Jules Janssens (Leuven)

Arabic Sources in Albert the Great’s section on sleep

and dreams of the De Homine”

It is generally acknowledged that the De Homine, which can be dated ca. 1241-2, belongs to Albert’s earlier works. In the section, entitled De proprietatibus animae sensibilis in se, quae sunt somnus et vigilia et somnium, one encounters a rather important use of Arabic sources, among which preeminently Avicenna’s de Anima, Algazel’s Metaphysics, as well as Averroes’ De somno et vigilia – although always, as has already been noted by scholars as R. de Vaux and H. Gätje, attributed to Alfarabius. Besides one finds minor quotations from Averroes’ Capitulum de corde and De substantia orbis, pseudo-Avicenna Liber celi et mundi, Costa ben Luca’s De differentia animae et spiritus and the Liber de Causis. It will be examined how Albert uses these sources in his exposé and what is their significance with respect to Albert’s own doctrine. This latter aspect will be highlighted in a more detailed way with regard to a few major aspect of Albert’s theory of dreams.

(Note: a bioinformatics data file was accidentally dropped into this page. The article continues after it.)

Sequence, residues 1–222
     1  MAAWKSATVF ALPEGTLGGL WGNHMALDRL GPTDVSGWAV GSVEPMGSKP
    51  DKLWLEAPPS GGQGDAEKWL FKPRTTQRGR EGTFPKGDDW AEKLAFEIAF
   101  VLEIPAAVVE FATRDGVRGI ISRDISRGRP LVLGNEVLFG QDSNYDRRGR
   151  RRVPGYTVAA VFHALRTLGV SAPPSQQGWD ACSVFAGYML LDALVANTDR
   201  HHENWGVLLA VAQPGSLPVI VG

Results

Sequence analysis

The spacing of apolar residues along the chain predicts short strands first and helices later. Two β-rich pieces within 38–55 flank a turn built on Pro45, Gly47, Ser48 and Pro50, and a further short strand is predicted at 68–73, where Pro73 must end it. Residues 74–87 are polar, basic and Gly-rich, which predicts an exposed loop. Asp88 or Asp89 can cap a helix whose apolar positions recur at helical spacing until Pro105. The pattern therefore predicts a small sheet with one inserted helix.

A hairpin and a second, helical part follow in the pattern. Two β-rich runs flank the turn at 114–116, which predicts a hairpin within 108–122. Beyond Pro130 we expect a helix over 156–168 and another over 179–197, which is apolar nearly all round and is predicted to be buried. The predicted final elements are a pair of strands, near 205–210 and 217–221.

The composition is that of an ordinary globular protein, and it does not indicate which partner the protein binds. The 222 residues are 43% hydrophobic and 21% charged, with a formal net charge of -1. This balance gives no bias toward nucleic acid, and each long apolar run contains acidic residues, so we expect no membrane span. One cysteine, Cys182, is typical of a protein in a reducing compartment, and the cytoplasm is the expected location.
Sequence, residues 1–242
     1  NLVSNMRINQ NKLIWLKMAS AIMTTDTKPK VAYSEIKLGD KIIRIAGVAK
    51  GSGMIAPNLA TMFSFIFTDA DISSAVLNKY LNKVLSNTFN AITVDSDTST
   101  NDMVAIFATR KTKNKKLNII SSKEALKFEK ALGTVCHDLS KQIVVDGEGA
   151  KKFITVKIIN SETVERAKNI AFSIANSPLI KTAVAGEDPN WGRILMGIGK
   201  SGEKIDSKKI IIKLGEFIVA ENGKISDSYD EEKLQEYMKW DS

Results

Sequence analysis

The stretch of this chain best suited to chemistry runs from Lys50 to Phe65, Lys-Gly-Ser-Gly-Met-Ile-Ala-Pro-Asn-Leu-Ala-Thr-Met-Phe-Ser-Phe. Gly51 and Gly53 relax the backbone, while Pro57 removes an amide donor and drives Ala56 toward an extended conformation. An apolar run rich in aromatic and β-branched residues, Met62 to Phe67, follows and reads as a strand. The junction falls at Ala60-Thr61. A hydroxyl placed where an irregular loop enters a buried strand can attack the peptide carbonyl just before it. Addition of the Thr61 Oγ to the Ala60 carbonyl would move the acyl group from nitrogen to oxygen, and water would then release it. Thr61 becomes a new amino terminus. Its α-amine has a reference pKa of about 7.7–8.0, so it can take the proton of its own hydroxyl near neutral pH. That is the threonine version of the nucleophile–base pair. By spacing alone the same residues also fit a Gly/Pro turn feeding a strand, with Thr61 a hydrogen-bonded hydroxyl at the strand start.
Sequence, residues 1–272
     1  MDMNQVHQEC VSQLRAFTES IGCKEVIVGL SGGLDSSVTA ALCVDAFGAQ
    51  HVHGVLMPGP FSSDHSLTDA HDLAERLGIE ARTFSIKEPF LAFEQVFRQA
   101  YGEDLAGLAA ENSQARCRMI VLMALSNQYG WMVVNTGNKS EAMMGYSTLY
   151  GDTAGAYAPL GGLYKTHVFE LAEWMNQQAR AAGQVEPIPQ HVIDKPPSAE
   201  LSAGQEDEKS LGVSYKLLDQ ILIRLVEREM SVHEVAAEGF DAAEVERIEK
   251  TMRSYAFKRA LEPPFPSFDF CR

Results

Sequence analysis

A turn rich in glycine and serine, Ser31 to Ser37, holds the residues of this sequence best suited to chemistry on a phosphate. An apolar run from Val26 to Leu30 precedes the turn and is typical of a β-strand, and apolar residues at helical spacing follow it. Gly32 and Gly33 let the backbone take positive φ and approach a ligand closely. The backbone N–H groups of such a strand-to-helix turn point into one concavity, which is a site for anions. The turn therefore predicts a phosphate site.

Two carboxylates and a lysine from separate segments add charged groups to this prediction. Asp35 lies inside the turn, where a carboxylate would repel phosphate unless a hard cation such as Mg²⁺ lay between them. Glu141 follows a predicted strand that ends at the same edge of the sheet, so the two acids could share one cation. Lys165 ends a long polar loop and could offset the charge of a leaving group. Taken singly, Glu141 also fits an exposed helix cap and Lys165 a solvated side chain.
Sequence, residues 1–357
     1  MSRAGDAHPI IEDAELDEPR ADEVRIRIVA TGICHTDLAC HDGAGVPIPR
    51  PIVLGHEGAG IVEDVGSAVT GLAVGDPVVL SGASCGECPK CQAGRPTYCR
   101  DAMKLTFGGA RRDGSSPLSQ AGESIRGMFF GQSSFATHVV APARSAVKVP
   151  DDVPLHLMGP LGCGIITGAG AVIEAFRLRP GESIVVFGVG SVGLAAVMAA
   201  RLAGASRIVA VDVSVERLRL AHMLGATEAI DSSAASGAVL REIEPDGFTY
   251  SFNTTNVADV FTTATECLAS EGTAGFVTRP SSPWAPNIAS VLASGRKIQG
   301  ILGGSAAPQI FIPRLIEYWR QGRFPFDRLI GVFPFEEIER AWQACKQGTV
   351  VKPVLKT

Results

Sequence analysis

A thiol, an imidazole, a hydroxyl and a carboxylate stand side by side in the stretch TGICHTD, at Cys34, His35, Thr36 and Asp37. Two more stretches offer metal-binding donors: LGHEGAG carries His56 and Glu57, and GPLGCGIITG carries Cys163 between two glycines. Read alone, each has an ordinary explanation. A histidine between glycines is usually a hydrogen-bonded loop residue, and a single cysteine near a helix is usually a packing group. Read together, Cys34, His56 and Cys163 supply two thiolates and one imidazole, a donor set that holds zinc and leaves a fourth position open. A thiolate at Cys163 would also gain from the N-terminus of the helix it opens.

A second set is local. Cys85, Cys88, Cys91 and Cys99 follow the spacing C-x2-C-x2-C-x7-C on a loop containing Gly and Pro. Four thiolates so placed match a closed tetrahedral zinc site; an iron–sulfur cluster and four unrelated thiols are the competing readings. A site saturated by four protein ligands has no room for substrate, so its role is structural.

Olga Lizzini (Amsterdam)

“Fluxus.  Some remarks on Avicenna and Albertus Magnus”